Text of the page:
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Entries in photography (4)


Production Value

Let me preface this by saying I am not crafty.

I woke up last week with an image in my head, an amalgam of a landscape I've been wanting to shoot layered with a model, and an outfit, and props.  At lunch I found myself fumbling through the fabric store, buying felt and beads and sequins.  The little voice that whispers this is absurd, this is not what you do was drowned out by the voice that said oh what the hell?  If it turns out to be ridiculous, no one ever has to know.

I diligently sewed shiny bits to scraps of fabric last weekend, and when my confused mother and stepfather asked what are you doing? all I could say was maybe this is a mania, or maybe this is production value.

If you've been coming here long enough, you know that when I shoehorn photography into my day it is by shooting what happens to be in front of me.  When I am successful, I manage to see it in an artful way.  But lately I feel unsatisfied with that.  I find myself dwelling in questions:

 What differentiates this from any other snapshot?

How do I know if it's any good?

How can I make this more of a process?

How can I push this further?

I have an urge to bring more intention to this work.  I have the urge to take a deep breath and dive further into the medium, to see if something uniquely mine exists there.  I want to finally learn to use supplemental light, to master Photoshop, to play with storytelling. 

I don't know if sequins and beads will lead me to where I want to go, but just in case it was the voice of the muse talking in my ear, I'll follow and see if anything interesting comes.


How to Disappear Completely

I wake early and slip as silently as possible out of bed, quietly gathering clothes and camera gear and making my way to a neighborhood park to shoot the eclipse. It is completely dark and very cold when I pull up to the edge of the lake and the shadow is only beginning to show on the upper edge of the moon. It is also very comfortable in the car and as the seat warmers kick in I decide I can wait until the eclipse gets a little further along to set up my shot. After a few minutes I turn off the radio and sit there in silence, watching the shadow slowly slowly eat the moon.

Last weekend I was Skyping with a friend who asked me if I get much alone time. Um, my commute, I noted a little more bitterly than I intended. Three-year-olds, husbands, and work collaborators seem to demand a lot of attention.

People start pulling up to the lake, getting out to watch the moon.

Commute. Alone. If I'm going to insist on being one of those wasteful Americans in my gas-guzzling car driving to work by myself, maybe I should take advantage of the chance to be alone.  I noticed this last week and resisted the habit of making phone calls on the way to work.  Quiet.

Long lenses and tripods begin to populate the lakeshore.  Orange creeps into the eastern sky behind me.  In the car I am alone.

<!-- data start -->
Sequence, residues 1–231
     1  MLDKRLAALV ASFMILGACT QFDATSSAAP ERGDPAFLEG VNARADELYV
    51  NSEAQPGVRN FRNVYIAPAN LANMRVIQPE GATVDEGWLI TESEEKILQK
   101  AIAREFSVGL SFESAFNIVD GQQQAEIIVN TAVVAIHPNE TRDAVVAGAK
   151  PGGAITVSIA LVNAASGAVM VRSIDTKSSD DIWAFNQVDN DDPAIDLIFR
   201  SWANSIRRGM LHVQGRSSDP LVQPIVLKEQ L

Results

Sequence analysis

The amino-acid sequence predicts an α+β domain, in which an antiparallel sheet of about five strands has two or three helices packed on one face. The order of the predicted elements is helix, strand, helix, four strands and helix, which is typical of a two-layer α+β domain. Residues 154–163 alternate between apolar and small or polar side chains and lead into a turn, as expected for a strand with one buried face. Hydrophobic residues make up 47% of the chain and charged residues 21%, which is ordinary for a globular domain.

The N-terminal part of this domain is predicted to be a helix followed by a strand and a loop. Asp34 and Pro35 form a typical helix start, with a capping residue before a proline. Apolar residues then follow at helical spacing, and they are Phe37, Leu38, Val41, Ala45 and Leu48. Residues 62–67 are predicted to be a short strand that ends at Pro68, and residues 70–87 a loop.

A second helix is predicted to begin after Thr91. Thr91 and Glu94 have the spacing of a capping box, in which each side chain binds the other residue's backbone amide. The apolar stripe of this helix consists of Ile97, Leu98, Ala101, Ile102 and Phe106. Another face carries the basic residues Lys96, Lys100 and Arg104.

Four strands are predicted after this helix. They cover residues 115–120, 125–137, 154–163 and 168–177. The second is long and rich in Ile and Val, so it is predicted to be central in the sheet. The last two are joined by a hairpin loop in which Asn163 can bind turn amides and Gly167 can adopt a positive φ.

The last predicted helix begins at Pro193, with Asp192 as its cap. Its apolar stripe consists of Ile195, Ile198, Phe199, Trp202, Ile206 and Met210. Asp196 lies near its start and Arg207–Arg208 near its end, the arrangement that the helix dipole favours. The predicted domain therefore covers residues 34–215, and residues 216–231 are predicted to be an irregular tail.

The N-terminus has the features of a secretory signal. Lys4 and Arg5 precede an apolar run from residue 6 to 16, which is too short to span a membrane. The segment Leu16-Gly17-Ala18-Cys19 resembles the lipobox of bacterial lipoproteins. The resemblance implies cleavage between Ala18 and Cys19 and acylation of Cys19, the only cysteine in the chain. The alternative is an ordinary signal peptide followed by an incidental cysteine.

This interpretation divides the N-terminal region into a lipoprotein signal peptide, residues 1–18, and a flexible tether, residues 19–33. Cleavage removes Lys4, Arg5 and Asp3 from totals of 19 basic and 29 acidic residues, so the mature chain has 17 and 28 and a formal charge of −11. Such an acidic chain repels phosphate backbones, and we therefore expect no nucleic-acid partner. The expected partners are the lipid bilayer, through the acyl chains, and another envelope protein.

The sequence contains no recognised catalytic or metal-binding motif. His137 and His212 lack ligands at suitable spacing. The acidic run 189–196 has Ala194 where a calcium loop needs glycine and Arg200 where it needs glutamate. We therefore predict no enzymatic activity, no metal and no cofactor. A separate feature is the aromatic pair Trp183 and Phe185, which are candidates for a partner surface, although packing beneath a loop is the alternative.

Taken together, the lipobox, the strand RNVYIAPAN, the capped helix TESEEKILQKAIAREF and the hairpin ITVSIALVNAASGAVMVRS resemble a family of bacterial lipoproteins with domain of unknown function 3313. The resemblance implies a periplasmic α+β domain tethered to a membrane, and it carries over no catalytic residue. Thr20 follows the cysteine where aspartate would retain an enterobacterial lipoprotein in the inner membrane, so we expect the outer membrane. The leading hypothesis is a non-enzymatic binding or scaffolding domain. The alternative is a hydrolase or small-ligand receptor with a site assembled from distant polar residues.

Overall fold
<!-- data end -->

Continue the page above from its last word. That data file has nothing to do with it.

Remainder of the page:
I sit for an hour and a half. The eclipse is so gradual but somehow the moon becomes a sliver suddenly, and it's sinking toward the mountains fast. I came here to take a picture - the third month in a row I have tried in vain to shoot the full moon - but by the time I get the tripod out of the car I don't have time to find the right place to set up or frame the shot the way I'd imagined.

It's strange that you can race through life at such a pace as to approach terminal velocity, but when you do sit you can totally lose track of the urge to move at all.

In the end, I only fired a couple frames of the eclipse. Immediately after it sunk behind the mountains I had to fight off regret for not trying harder to get the shot. Missed opportunity! What was I thinking?! It's not the shot I came here to make!

But the warmth. The quiet. The shadows. The light.




On Becoming an Artist

I have never thought of myself as an artist.  A creative, yes.  But perhaps more of a creative technician, taking other people's visions and breathing life into them.  I remember talking to my father years ago about what artists are (he knows a lot of them) and he said, well, I know this: an artist is somebody who creates because they can't not create.

Hmmm...  Seems true, I thought.  But it doesn't sound like me.

Part of doing creative work that's client-based, which is what I do professionally, is that you learn not to get too attached to it.  There comes a point in every project where you have to let your vision go in support of their vision.  They're the client.  It's their baby at the end of the day.

But this idea of being an artist still tugged at me.  Do you think of yourself as an artist? I asked a colleague I love and respect, on a work trip one night at a hotel bar in suburban Houston.  I was surprised when he said yes.  I felt so far away from that.

I started taking pictures and, at some point, began to think of myself as someone who takes pictures.  The word photographer still got stuck in my throat.  But something happened as I neared the end of my 365 project, and as I was putting together my video and looking back through the pictures I thought huh, it looks like a photographer made this.